Mo is peeved, but this time I´m not alone. There were thousands of us peeved parents still queuing outside the vast Palau Sant Jordi in Barcelona on Saturday night as the first of Justin Bieber´s two teloneros (support acts) was onstage entertaining what must have amounted to a couple of hundred spectators afflicted with Bieber Fever.
On our tickets for Bieber we were informed that the doors would open at 17.30. At 19.00, having stood in one of two massive queues in the cold for over an hour and still 100 yards from the entrance, the second telonera, em, Barley Hay Stetson (?) of Call Me Maybe fame was already on the stage, playing to a half-full arena.
I was seriously beginning to worry we wouldn´t get inside by the time Justin Bieber, the absolute idol of my 13 year old Malassie and the reason for our trip to Barcelona to the tune of some €500, appeared on stage, even late, as he is often reputed to be.
Paradoxically, this seemed an even greater worry when the “organizers” decided to move things along. A policeman with a megaphone started ordering all those over 14 years of age just to “go in.”
The result was a stampede. The lines broke form and thousands of people, most of them screaming fourteenies-and-over, ran for the entrances. The esplanade of tall columns of lights became a free for all and the recent tragedy, in which five girls were crushed to death at the Madrid Arena due to a lack of organization and security, came to mind.
The same policeman announced that parents of children under 14, the under-fourteenies, were to continue to wait in line to – and I´m not joking – sign an authorization!
We parents of the young Beliebers, only present because at the time of purchase it had been stipulated that under fourteens had to be accompanied by an adult, also with a purchased ticket, were now expected to wait in line while Harley Day Heston (?) went through her act.
But we did. People complained, myself included, stung once again by how painfully, inefficiently bureacratic even the simplest of endeavours – taking your daughter to a concert – is in this country.
As for authorization, I was Malassie´s in-the-flesh authorization! Or did these Barcelona bureaucrats or promoters fondly Belieb that the likes of myself was attending this concert because I wanted to see and hear a 19 year-old Canadian heart throb use barely literate lyrics like, “Baby, baby, baby, oh, I´m like, baby, baby, baby, oh?
I´m a veteran of rock concerts and wouldn´t be seen dead at such a preppy, pretty, perfunctory, poppy affair by choice, but even us ageing rock chicks love our daughters and want to make their dreams come true. So there I was – and well aware why my presence was required.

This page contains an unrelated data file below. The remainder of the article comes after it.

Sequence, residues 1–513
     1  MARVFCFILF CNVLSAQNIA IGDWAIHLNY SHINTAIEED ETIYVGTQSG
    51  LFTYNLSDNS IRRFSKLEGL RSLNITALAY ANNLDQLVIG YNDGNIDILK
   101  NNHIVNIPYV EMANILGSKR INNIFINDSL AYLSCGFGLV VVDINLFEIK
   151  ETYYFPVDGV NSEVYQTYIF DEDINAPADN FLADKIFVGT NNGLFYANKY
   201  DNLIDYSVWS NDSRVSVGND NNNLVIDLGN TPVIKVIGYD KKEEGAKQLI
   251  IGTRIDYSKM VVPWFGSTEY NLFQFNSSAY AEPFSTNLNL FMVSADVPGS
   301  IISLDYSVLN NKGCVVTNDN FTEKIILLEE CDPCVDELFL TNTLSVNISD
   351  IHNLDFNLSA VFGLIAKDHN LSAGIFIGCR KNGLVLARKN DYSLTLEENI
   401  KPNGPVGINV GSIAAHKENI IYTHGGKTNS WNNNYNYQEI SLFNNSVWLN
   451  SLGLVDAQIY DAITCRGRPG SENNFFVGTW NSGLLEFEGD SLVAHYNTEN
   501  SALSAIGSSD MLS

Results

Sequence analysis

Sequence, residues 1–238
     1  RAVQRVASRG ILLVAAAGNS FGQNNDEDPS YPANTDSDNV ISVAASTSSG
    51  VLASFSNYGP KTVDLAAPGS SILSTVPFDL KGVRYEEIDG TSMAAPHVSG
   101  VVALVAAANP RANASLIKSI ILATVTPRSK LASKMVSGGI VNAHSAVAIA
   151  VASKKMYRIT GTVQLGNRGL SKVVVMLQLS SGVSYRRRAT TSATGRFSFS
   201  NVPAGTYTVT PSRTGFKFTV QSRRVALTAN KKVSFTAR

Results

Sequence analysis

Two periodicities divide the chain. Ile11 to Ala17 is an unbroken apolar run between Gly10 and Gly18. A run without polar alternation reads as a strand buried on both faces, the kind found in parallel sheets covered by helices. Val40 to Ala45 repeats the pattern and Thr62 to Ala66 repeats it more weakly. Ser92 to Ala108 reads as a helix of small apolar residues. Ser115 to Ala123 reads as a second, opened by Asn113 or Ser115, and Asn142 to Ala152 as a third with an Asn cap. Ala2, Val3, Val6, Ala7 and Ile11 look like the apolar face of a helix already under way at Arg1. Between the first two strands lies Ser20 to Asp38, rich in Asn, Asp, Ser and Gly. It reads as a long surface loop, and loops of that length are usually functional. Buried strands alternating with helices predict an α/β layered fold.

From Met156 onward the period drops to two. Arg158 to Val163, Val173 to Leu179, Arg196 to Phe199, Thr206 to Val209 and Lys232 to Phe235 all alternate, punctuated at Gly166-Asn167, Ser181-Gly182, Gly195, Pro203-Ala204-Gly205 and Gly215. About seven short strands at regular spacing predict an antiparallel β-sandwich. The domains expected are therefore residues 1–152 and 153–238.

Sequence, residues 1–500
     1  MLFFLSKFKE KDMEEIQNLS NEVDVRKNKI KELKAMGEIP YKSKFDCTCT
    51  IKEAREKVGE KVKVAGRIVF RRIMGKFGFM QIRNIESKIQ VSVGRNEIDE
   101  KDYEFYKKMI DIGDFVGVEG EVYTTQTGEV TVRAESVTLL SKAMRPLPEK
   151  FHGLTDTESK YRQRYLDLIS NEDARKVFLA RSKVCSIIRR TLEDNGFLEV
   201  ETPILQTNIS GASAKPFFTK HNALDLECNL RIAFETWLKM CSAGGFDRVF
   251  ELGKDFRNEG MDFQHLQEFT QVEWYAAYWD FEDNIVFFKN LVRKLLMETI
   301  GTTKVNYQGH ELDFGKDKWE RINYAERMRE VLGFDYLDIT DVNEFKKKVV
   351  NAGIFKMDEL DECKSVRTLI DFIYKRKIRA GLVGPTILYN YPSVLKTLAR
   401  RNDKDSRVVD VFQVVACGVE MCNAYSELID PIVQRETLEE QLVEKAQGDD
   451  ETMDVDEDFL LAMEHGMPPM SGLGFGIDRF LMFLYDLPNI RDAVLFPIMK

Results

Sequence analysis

When I was younger, I sneaked into Celtic Park free to see The Who, paid the Glasgow Apollo security staff a quid to get into a Queen gig, had to give up front row seats for Kiss or be crushed by a pressing avalanche of Kiss Army adepts and feared the Apollo´s bouncing balcony would cede under the weight and headbanging of Status Quo fans. Blue Oyster Cult, Black Sabbath, Nazareth, Rainbow, Bowie, Bon Jovi, Motorhead, Rush, UFO, Boston – in the seventies I went to what I could afford and it wasn´t half of what my guitarist brother went to.
I learned what claustrophobia meant at rock concerts.
I get security.
But this wasn´t it.
We continued to wait. Then the woman in front of me and her two daughters slipped through an askew barrier and made for the melée of fourteenies-and-over pushing to get in. In one beat I grabbed my daughter´s hand and we did the same.
“If anybody asks you, say you´re fourteen, I told her,” as we jostled under the nose of the harrassed doorperson trying to check backpacks [why would you need a backpack at a concert?] and bags and tickets and DNIs at the same time. I waved the tickets under his nose and we ran through.
It was chaos inside the stadium, with girls running shrieking down huge flights of stairs, people queuing up for drinks and hot dogs [what is it with the Spaniards that they have to load up with food at a concert?] and the sound of Kaley Jay Crepton (?) deafening our attempts at hearing the directions of the steward to our seats.
By the time we finally sat down, Sally Née Getsome - MUM! HER FRICKIN´ NAME IS CARLY RAE JEPSEN! - was starting her biggest hit. We half-listened to it as we decoated and rewatered and she soon left the stage, probably as peeved as we were and wondering what the hell Freddie Mercury had seen in Barcelona.
The Palau, at half-past seven, when the main attraction was supposed to appear, was about half-full.
Fortunately Justin Bieber didn´t appear until everybody was finally inside. If you´re interested (and over 14) I´ll give you my concert review this week. Meanwhile, have a laugh at this parody of Call Me Maybe by, em, well, you know ….